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Book review: Garden of the Plagues by Russel Brownlee

When the Tulip sails into Table Bay  in 1685 it bears four dead passengers and rumour of the Plague. Adam Wijk, the Company’s reclusive gardener and part-time physician is ordered by Commander Van der Stel to take charge of the only surviving passenger. Russel Brownlee is historian, philosopher and word artist. He paints a magical portrait  of life at the Cape in the seventeenth century.

“The Tavern of the  Green Door, so conveniently located on the strand, is both a business and a residence. The public house occupies a large room facing the sea. The door that gives the tapperij its name opens northwards to give a view of the bay and to attract custom from that direction. Southwards, toward the mountain, is a kitchen – and further along into the house there is a  bedroom and, further still, a second, larger room. This room was, until recently, the voorkamer – the place in which visitors were entertained – but now it has been transformed by the addition of several beds into what appears to be guest accommodation.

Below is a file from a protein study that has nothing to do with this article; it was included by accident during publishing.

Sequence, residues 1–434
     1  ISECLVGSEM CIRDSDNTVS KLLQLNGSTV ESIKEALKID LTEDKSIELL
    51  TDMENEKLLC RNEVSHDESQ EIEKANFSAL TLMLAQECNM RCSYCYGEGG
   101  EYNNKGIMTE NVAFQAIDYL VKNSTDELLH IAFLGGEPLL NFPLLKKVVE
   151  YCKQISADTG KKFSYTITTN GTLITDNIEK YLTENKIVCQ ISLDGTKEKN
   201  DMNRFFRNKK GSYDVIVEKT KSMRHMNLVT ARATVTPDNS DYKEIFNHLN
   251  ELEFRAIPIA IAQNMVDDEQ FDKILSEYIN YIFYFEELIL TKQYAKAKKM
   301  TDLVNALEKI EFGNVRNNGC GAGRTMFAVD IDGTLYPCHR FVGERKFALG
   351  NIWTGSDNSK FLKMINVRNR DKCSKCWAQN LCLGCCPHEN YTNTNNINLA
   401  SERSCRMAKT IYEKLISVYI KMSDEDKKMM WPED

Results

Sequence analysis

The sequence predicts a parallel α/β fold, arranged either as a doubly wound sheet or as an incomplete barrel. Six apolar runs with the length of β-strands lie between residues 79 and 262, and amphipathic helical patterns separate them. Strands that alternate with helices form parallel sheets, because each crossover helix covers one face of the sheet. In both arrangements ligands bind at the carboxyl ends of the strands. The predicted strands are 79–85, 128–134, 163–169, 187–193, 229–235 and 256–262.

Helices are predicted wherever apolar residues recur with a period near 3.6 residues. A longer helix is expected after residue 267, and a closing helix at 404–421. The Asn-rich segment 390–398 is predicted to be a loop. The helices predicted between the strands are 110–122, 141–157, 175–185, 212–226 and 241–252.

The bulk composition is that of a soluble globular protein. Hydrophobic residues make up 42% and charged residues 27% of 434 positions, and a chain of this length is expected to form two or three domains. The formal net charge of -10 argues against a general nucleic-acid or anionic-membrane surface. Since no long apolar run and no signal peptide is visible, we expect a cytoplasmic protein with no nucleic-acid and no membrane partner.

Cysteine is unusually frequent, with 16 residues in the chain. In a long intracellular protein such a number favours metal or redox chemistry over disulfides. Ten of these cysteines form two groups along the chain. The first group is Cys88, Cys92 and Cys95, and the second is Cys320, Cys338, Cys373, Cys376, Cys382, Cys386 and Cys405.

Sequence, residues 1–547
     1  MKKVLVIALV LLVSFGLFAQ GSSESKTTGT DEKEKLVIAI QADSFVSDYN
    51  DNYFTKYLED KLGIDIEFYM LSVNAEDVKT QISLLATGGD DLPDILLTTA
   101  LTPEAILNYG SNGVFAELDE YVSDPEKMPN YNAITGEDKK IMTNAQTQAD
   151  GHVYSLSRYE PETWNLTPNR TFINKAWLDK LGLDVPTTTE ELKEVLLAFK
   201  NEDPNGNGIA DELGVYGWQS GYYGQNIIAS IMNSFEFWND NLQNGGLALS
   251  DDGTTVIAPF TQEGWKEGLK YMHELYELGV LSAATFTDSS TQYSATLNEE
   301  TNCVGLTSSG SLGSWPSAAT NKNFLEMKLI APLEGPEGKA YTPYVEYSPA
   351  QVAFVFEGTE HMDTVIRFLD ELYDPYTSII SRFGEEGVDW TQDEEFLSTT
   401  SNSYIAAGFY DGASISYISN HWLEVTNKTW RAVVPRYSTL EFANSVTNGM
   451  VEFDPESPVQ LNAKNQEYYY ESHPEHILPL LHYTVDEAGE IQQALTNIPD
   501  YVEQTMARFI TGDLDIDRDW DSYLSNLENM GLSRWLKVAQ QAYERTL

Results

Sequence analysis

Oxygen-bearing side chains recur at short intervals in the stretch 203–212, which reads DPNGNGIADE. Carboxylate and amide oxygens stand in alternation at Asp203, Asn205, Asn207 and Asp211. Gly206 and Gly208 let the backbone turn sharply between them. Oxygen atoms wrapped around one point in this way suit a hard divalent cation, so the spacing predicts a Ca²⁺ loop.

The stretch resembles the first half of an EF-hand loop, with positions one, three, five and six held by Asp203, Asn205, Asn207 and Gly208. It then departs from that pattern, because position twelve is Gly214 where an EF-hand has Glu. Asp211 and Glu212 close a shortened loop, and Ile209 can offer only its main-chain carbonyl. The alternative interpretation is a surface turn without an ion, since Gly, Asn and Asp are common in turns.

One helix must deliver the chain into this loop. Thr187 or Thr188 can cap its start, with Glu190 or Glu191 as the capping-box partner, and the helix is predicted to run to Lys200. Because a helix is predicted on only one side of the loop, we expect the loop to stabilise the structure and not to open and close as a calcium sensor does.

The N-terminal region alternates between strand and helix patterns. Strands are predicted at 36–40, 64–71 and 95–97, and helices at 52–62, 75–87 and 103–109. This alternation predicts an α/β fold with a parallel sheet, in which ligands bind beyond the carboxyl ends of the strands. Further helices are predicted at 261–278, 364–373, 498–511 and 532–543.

It should not be imagined that the layout of this dwelling follows any particular rule of architecture. One would imagine, for instance, that the rooms – being lined up one next the other as they are – would be neatly serviced by a connecting passageway. But such would be to assume too much of a free man’s dwelling in the Valley Hamlet. To achieve a more realistic perception of the situation, consider rather how such a dwelling would have been built. This one, like many others of its kind, began its life as a single rectangular room, built with mud bricks, floored with cow dung (polished to a high gloss), and topped with a thatched roof. It remained thus for several years, until new owners moved in and began to look about them with an eye to expansion. The Lady of the house, not being the sort who would settle for life in a single room, wasted little time in convincing her husband to build on a further room in which to house the nuptial bed, and later another in which to house a proper kitchen, and then later still another…”

Published by Human & Rosseau      ISBN  0-7981-4518-8

Buy it here: click here

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